Bathymetry retrieval in coastal waters is a particularly interesting application of satellite Earth Observation. In fact, creating a bathymetry map from traditional data (shipborne sonar or airborne lidar) is both costly and time consuming, while satellite data can provide maps over large areas in a very short time. However the processing involved in bathymetry retrieval and the interpretation of the results is mastered only by a handful of experts today. This may be about to change, thanks to some recent work on the Coastal TEP.
The Coastal TEP is a cloud-based ‘one-stop shop’ that gathers coastal-zone satellite data, processing algorithms and computing power. Obviously coastal bathymetry has been one of the main topics of interest for the Coastal TEP project.
In the frame of the ESA project ECOBAW, Céline Danilo from Univ. of Trento, has implemented in the Coastal TEP an algorithm which retrieves coastal bathymetry using Sentinel-2 images. In collaboration with Prof. Farid Melgani at Univ. of Trento, this project aims to develop applications for estimating coastal bathymetry without any ancillary data (wave period or pre-information of the bathymetry) from both Sentinel-1 and Sentinel-2 using image processing and machine learning techniques.
The algorithm implemented in Coastal TEP, depends on a first estimation of coastal bathymetry with a coarse resolution and on the reflectance of the four spectral bands of the visible and near infrared domain. In the ECOBAW project, this first estimation is provided by a model based on wave propagation and described in an IEEE TGRS publication. Such estimation is successively improved by means of an innovative approach using a Gaussian Process Regression (GPR) model. In particular, it uses these first estimations as target values to train a GPR model which has as input the four spectral bands. The GPR model learned is then able, given the reflectance of the four spectral bands, to estimate the water depth and a related confidence value (estimate variance). The theoretical principle relies then on the light extinction with water depth. This approach is thus capable to improve the knowledge of the coastal water depth, especially regarding the resolution and the coverage of the training values. Besides, the algorithm can be applied to any cloudless image and is completely unsupervised and automatic.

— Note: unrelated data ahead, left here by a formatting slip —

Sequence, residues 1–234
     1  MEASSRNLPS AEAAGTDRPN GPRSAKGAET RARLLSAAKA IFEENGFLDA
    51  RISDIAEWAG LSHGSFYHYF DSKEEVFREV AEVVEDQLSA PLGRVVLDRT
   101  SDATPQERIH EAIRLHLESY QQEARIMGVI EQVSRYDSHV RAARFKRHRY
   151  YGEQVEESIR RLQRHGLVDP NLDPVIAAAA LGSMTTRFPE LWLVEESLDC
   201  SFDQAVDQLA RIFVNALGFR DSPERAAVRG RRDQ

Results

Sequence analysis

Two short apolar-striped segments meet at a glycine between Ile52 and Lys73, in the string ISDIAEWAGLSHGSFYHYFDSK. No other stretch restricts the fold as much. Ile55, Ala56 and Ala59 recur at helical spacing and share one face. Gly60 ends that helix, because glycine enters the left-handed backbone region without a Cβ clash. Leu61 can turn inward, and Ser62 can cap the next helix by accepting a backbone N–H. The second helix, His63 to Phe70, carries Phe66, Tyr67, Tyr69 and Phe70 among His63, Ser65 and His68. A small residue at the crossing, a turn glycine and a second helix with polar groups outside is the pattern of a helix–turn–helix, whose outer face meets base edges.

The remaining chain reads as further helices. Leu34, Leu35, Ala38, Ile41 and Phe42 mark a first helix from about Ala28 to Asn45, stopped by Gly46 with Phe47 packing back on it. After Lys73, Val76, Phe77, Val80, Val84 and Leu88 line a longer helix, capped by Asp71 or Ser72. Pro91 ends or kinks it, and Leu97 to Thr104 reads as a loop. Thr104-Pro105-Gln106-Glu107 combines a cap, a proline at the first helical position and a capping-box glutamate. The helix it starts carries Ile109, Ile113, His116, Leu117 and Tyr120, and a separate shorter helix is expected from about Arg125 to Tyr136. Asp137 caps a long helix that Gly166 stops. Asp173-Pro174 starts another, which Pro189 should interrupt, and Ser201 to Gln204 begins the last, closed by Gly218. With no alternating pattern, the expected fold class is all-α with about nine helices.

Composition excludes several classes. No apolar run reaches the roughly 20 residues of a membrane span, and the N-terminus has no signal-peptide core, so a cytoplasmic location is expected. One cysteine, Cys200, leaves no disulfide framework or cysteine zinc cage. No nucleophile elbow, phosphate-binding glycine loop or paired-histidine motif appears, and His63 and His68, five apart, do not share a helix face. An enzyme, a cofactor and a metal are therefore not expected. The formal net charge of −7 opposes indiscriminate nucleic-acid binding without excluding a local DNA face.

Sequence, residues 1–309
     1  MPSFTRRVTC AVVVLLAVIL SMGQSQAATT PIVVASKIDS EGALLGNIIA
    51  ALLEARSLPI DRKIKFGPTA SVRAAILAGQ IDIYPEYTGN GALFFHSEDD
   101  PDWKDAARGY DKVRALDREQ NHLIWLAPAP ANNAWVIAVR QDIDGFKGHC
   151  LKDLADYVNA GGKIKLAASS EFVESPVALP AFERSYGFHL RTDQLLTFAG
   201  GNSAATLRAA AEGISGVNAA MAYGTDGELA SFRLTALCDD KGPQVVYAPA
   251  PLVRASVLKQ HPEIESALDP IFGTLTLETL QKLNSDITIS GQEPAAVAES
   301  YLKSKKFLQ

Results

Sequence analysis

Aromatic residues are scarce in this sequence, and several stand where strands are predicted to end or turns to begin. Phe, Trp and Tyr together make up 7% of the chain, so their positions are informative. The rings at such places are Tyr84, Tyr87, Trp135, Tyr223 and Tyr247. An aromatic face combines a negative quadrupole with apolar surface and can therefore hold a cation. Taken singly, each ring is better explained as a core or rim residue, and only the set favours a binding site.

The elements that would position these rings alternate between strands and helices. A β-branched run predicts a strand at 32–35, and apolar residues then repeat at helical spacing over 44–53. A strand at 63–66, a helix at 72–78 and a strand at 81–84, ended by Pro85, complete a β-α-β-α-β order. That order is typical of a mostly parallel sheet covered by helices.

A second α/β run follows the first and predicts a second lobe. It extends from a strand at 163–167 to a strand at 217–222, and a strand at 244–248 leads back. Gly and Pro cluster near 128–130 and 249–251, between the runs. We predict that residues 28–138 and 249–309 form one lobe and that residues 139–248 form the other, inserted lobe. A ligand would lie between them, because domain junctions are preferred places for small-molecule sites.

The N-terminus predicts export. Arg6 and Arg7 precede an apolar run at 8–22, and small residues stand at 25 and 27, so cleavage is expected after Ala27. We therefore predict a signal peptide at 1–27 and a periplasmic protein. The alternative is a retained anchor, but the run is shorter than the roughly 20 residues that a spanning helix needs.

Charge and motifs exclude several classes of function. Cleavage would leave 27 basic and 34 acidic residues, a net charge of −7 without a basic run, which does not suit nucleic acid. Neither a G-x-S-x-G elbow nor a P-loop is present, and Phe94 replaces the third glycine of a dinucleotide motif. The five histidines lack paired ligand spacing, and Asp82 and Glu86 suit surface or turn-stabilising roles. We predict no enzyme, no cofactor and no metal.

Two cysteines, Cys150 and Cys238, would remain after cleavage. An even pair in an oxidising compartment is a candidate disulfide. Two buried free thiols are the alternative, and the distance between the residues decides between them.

After validation of her processor, Céline was able to integrate the processor on the Coastal. It is now available to other users as a “contributed” processor in the Coastal TEP catalogue. In this way, all users will be able to reproduce Céline’s results.
The good thing about Coastal TEP is that it provides an easy interface to integrate a processor, so algorithms developers can work autonomously with minimal support from the Coastal TEP team. Within some weeks, Céline has been able to process some Sentinel-2 images on the platform and compute a bathymetry map for the beach of Waimanalo in Hawaii.
This first success has generated many ideas for the future.
We could extend the capabilities of the current processing to be able to handle any geographical zone. Even if the model providing the first estimation is not yet available on the platform, any other kind of first estimations could be exploited as well for training the model.
We could also provide other bathymetry retrieval algorithms and allow users to choose between different approaches. Indeed each algorithm has its benefits and drawbacks, so having a set of processors can improve the reliability of the EO-based retrieval. A benchmark of algorithms on a given site where reference in-situ measurements are available could make a lot of sense for the future. It would help provide guidelines and recommendations and help promote the use of EO-derived bathymetry maps.
 Céline Danilo and Farid Melgani, “Wave Period and Coastal Bathymetry Using Wave Propagation on Optical Images,” IEEE Transactions on Geoscience and Remote Sensing 54, no. 11 (2016): 6307–6319.